Eberhard kochApart from the favourable business environment, the decision to relocate the company must also have taken many personal factors into consideration. From this perspective, what drew you to live in Cyprus?

Moving to Cyprus had been my intention for quite a long time and I still feel that I should have done it earlier. Having previously visited the country several times on business, I had seen its healthy, safe, welcoming atmosphere for myself. It was such a stark contrast to my native Austria in so many ways and I couldn't help but lament my departure whenever I was to leave the island!

I love the sea and I greatly enjoy taking my boat out. Back in Austria, whenever I managed to escape on a Friday afternoon to the Baltic where my boat was located, we either faced rain, thunderstorms, or strong winds – an unpleasant experience! Subsequently my wish was to move to the South. Interestingly, Österreichischer Lloyd was originally founded in the Mediterranean city of Trieste and so, in some ways, it has come full circle by returning to another Mediterranean city.

I am extremely happy to have been here for the past 14 years and I can safely say that nobody will persuade me to go back to Germany!

Would you encourage others in the international maritime sector to follow your example and establish operations on the island?
Cyprus encompasses a marriage of business potential and quality family life. I am certainly promoting this; whenever I talk to colleagues, associates, clients and the like, I tell them that this is one of the safest, healthiest countries in Europe. Though the banking sector could be better managed and structured, there is the potential to establish ship finance here and to promote the maritime cluster much more than we already do.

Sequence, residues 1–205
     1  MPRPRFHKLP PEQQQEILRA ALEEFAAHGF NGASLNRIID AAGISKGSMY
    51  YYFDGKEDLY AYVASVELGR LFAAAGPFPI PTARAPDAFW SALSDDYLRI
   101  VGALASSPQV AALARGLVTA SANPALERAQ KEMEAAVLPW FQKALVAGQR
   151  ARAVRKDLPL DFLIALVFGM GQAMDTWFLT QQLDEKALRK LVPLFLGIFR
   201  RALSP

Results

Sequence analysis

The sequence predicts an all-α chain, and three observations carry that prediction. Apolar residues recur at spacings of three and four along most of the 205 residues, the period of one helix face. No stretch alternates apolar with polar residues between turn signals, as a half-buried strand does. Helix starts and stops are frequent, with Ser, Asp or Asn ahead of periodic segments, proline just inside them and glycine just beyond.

We have excellent flight connections, excellent schools, hospitals – everything is here. The climate is fantastic, the food is exquisite and the island is peaceful. These factors are greatly relevant to the business community. At ÖL, for example, we are doing the same work as a shipping company in Hamburg but believe me when I tell you that we are doing it in a much more relaxed, enjoyable way, due to this optimal lifestyle.

Indeed, despite the island’s recently altered economic environment, many advantageous factors remain. Can the same be said about its business incentives? Are these still as applicable to ÖL today as they were when you first began operations on the island?

Absolutely! We still believe that Cyprus is one of the few jurisdictions that offer the “full package”.

It remains one of the most advantageous business centres in the region in the wake of the financial crisis, with the added benefit of the availability of attractive programmes such as the Permanent Residence Permit and naturalisation via investment. Though Cyprus may very well be considered a small country to some, in my opinion it is a solid jurisdiction and should be given the recognition it so greatly deserves in this respect.

In order for its great qualities to be known, however, constructive efforts for the promotion of the island – and its shipping sector – must be undertaken.

How might this further promotion be facilitated?

To promote shipping, we urgently need a Permanent Director for the Department of Merchant Shipping, as well as an Under-Secretary for Shipping.